Northern Prairie Wildlife Research Center
WILLET Catoptrophorus semipalmatus L15" (38cm)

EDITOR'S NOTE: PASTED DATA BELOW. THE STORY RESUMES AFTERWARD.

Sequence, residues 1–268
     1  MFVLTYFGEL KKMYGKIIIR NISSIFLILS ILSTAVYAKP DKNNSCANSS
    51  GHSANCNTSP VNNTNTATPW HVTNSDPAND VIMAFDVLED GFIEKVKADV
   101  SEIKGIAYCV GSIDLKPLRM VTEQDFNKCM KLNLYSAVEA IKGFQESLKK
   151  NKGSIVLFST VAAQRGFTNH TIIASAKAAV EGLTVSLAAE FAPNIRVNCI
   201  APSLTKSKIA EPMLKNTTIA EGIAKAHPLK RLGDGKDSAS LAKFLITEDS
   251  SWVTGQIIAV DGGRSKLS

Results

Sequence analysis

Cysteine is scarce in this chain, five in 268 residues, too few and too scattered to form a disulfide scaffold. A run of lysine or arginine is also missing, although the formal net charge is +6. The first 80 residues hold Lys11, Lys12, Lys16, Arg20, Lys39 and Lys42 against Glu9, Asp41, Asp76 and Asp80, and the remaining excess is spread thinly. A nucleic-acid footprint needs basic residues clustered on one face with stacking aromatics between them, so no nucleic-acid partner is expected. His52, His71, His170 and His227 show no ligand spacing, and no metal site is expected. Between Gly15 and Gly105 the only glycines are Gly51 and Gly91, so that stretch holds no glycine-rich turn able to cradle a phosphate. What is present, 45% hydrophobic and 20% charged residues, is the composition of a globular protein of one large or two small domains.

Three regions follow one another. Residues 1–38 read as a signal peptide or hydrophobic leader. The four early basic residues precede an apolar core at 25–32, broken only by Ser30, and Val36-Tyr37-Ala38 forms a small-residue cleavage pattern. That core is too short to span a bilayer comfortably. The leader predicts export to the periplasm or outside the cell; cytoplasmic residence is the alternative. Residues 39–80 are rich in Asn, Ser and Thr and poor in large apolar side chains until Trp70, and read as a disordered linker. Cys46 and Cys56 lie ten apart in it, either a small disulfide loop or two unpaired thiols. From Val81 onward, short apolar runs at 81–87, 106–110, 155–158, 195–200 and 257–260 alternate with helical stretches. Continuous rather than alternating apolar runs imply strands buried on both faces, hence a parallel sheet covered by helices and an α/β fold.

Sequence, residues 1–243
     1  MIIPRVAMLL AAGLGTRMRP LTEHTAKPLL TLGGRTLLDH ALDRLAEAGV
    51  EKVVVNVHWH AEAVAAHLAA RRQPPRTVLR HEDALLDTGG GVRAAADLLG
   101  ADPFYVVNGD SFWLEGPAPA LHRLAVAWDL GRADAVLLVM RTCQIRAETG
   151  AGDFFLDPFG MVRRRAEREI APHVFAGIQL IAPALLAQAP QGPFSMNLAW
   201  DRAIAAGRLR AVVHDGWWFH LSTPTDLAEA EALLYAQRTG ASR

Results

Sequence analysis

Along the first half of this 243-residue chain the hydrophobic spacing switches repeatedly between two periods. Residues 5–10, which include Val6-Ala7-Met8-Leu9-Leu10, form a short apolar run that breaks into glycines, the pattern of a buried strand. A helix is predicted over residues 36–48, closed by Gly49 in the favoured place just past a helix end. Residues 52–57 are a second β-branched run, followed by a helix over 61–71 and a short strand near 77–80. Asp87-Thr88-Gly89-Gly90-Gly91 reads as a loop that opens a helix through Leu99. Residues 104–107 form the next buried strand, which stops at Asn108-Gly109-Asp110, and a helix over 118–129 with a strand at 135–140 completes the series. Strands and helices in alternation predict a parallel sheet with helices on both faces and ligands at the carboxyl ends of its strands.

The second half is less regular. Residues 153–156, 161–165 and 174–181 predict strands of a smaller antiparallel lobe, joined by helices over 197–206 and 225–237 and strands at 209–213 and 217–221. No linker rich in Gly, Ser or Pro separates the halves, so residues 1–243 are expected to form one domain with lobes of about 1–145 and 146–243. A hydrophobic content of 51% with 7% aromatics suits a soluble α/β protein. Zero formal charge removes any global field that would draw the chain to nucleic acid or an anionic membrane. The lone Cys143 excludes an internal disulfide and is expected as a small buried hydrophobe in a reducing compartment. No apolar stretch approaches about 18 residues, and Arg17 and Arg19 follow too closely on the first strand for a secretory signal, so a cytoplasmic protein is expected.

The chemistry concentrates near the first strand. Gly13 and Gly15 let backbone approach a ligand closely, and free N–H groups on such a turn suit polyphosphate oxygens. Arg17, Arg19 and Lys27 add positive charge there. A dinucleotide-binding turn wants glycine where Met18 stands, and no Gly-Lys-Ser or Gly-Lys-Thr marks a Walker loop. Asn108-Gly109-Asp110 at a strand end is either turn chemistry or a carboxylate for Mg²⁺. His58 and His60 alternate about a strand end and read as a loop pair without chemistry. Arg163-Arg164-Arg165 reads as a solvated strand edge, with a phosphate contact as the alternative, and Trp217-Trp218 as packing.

The willet acquired its name from the territorial call it gives on the breeding ground -- a melodic whistled pill-will-willet. In flight, it can be identified by looking for its black-and-white flashing wings and white tail. During the breeding season, it nests on open prairie or short marsh grass that is often situated near an alkali lake. The male often perches on rocks, fence posts, and stumps to watch for intruders near the nest. The nest consists of a small depression in the ground lined with grass and weeds. The female lays 3-4 olive-brown eggs with the incubation period lasting 22 days. The willet is often observed feeding with other shorebirds on mud flats and alkali shorelines. It feeds primarily on aquatic insects, worms, and small fish. The willet is found statewide but the largest concentrations can be observed on the Missouri Coteau and Northern Drift Plain.